I understand that need to create soundtracks for remakes of original movies, especially if that movie is music centered, but as a purist I can't stomach the thought of anyone else singing Footloose. I know, I am old. This is the perspective of a person that was alive for the original and the remake. The teens and tweens that think Efron is dreamy probably have no clue of Kevin Bacon or John Lithgow are. These kids don't see it as a soundtrack to a remake because they never heard of the original.


Even if they did, they would probably hate the music because it was remixed by Cee Lo.

The Music of Star Trek

When I was a kid and I watched the Star Trek: The Next Generation, I was surprised how much the music moved me. I am primarily talking about the theme song. Maybe it was because the show did such a great job of invoking emotion from episode to episode, but all the themes were moving.

Deep Space 9’s theme was haunting and did a great job of reflecting the meaning of the series. It wasn’t a show about going places in fast ships. It didn’t need the fast paced theme and the instrumental just seemed to fit the show. DS9 was a show where people came to them. It wasn’t your perfect Star Trek crew, but a group of rebels and Star Fleet officers trying to come to an uneasy peace.

Things changed as the show went on and after about 4 years, the theme no longer fit the show.

I loved Voyager’s theme most of all because it just screamed of exploration. It had a more youthful vigor to it, so it created images of rebel gunslingers in the old West and that’s exactly what Voyager was about. They were a lone ship in the middle of nowhere trying to find their way back home.

I can’t avoid talking about the The Original Series. The original theme was very typical of the 60’s and I’m not going to talk about it. Instead, I am going to how the theme changed in the movies. Composers kept the Wild West aspect of the theme, but also matured it along with the characters. They were still cowboys, but a little long in the tooth.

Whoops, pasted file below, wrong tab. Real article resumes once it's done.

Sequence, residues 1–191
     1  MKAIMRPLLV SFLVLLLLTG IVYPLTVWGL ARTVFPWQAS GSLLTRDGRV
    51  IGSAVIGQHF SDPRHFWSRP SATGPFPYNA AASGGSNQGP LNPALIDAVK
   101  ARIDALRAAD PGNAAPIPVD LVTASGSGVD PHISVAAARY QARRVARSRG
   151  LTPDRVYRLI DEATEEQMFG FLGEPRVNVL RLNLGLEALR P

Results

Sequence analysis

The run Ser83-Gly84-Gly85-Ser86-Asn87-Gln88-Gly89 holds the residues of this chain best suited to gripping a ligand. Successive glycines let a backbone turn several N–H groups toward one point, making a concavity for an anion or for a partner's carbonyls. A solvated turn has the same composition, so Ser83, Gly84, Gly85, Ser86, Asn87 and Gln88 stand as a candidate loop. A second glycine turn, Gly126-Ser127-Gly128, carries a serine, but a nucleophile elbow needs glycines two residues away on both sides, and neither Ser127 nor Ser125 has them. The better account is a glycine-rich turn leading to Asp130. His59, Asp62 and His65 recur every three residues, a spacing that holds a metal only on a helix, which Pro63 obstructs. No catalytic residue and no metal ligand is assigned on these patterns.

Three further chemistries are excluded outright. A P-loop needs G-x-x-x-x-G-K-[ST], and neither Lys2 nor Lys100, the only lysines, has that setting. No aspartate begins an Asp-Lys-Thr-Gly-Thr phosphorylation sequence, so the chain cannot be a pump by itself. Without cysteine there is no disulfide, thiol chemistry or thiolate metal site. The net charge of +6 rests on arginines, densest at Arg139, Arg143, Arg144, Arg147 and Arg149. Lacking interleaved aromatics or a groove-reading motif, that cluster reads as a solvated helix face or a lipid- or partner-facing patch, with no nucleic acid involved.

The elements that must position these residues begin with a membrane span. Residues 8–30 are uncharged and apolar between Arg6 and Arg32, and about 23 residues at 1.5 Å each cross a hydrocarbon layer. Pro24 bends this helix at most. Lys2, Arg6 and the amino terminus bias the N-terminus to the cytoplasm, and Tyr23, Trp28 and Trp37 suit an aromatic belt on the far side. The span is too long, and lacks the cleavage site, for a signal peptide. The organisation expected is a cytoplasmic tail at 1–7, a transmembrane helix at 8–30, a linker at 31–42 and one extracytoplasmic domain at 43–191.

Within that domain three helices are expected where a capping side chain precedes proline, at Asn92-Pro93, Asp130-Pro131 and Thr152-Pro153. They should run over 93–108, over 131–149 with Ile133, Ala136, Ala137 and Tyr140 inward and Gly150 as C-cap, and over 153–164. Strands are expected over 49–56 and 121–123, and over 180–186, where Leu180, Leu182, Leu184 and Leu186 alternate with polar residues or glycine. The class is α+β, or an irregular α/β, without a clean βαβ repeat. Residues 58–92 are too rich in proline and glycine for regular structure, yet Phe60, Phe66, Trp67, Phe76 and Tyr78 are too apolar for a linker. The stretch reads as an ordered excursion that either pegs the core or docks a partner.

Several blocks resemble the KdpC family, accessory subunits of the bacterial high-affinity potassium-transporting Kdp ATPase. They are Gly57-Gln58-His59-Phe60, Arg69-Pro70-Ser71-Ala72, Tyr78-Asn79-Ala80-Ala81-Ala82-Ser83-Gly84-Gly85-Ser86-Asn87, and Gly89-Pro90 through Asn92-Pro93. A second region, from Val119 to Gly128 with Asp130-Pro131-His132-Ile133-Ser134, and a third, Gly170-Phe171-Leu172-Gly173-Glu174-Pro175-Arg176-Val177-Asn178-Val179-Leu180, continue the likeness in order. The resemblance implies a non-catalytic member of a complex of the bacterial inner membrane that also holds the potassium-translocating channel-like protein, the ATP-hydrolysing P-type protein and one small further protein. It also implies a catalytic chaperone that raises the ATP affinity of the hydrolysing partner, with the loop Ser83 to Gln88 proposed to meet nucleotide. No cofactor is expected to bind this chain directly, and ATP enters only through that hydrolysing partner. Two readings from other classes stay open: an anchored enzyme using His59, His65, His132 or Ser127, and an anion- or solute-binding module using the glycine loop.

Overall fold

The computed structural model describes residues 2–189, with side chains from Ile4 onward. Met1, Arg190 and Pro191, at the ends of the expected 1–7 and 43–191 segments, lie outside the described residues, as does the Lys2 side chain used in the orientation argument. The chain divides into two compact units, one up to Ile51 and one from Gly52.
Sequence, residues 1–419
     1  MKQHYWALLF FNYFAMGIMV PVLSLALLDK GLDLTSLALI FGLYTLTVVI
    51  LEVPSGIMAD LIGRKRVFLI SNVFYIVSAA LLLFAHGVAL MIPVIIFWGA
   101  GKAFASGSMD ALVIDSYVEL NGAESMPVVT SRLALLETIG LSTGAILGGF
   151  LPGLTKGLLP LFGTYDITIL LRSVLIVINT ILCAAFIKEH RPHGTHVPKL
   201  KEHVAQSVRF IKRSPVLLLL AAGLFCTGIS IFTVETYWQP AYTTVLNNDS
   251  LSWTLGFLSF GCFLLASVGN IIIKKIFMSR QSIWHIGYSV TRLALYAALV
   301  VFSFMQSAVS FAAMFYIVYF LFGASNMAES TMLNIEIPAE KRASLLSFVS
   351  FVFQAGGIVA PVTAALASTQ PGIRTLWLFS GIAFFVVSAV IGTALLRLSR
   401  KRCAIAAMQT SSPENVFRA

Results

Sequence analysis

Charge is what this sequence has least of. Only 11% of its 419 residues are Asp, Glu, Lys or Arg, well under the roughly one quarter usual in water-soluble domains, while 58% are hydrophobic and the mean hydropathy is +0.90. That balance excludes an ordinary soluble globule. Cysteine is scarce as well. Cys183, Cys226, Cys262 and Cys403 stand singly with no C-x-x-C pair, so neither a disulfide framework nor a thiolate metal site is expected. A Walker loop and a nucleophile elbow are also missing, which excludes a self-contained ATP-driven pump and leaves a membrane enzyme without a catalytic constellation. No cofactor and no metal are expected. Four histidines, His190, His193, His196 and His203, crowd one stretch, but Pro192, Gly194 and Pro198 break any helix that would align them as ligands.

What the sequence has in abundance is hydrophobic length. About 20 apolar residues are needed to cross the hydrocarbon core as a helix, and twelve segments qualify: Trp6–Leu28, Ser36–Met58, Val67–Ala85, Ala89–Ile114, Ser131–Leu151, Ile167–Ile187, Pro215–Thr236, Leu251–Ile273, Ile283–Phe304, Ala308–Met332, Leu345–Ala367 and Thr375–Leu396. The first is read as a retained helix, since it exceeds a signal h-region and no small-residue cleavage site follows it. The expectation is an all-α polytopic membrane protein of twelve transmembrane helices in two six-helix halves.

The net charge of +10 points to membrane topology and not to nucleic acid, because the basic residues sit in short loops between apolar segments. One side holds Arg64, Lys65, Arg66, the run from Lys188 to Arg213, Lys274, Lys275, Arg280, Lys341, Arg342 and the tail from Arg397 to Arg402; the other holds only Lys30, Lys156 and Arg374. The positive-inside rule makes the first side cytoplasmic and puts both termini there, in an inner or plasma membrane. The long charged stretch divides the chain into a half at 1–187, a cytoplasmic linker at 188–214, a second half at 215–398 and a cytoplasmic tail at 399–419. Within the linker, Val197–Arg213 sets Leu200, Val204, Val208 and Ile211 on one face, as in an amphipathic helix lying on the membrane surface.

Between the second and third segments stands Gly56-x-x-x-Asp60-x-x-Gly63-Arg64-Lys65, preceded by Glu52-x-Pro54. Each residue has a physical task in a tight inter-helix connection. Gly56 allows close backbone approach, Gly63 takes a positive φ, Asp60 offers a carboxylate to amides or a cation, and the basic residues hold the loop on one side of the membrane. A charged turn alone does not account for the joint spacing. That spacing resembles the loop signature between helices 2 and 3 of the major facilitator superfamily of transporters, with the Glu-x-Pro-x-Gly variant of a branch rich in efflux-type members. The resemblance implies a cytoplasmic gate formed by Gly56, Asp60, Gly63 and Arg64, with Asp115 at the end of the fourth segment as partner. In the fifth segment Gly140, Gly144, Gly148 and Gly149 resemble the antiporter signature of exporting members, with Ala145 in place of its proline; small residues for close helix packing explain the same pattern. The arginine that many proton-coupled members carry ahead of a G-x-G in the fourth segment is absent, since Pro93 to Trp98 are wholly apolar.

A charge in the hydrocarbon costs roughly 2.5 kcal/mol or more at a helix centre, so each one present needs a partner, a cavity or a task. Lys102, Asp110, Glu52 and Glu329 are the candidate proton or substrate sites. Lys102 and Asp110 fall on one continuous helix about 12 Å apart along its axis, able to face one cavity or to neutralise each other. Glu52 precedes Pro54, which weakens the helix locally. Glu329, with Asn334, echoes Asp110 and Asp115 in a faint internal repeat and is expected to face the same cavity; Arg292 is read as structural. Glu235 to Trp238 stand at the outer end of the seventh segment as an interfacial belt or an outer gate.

Original Versus Themed Soundtracks

One of my favorite soundtracks to listen to is from “The Wedding Singer” with Adam Sandler. It doesn’t have any original songs on it, but is does have a compilation of 80’s music that fit with the movie.

“The Wedding Singer” is set in the 1980’s and revolves around the life and love life of a wedding singer named Robbie Hart. Most of the music in the movie Is iconic songs from the 80’s and are great to listen to in the car or at home.

That’s the thing about soundtracks that use existing songs. Odds are you are going to like all of or most of them because they all follow a similar theme. When you buy a soundtrack made up of mostly original songs, then you run the risk of not enjoying most of the songs on there.

The most famous example is “My Heart Will Go On” by Celine Deon for the movie “Titanic.” The song itself was a huge hit and seemed like it would never go away, but the rest of the soundtrack for the movie is made up of instrumentals.

Unless you like an hours of instrumentals, you just wasted $20 on a soundtrack you probably won’t listen to again. In the time of iTunes, where you can buy a single song from an album or sound track this may not seem like much of a problem, but as a lover of musical soundtracks, it’s a debate that will never go away. Trust me, I’ve been talking about it for a decade.

Soundtrack From the Movie "Seven Brides for Seven Brothers"

One of the most well known movies that is well established in the United States movie history is the movie, “Seven Brides for Seven Brothers.” This movie tells the story of the seven brothers who end up with brides in the most unconventional way. The movie was released in 1954.